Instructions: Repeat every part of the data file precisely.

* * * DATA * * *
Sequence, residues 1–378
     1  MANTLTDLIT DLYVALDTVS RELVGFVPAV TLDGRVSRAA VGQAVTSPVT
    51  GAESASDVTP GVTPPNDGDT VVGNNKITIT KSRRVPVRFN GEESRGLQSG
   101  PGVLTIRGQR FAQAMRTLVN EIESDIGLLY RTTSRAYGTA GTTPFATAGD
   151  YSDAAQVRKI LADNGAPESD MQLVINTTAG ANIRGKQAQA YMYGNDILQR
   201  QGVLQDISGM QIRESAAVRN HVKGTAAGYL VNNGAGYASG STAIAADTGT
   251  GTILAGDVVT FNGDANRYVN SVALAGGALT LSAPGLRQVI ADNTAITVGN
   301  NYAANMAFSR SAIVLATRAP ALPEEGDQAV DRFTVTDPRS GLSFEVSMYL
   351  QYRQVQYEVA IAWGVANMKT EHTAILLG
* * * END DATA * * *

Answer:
Sequence, residues 1–378
     1  MANTLTDLIT DLYVALDTVS RELVGFVPAV TLDGRVSRAA VGQAVTSPVT
    51  GAESASDVTP GVTPPNDGDT VVGNNKITIT KSRRVPVRFN GEESRGLQSG
   101  PGVLTIRGQR FAQAMRTLVN EIESDIGLLY RTTSRAYGTA GTTPFATAGD
   151  YSDAAQVRKI LADNGAPESD MQLVINTTAG ANIRGKQAQA YMYGNDILQR
   201  QGVLQDISGM QIRESAAVRN HVKGTAAGYL VNNGAGYASG STAIAADTGT
   251  GTILAGDVVT FNGDANRYVN SVALAGGALT LSAPGLRQVI ADNTAITVGN
   301  NYAANMAFSR SAIVLATRAP ALPEEGDQAV DRFTVTDPRS GLSFEVSMYL
   351  QYRQVQYEVA IAWGVANMKT EHTAILLG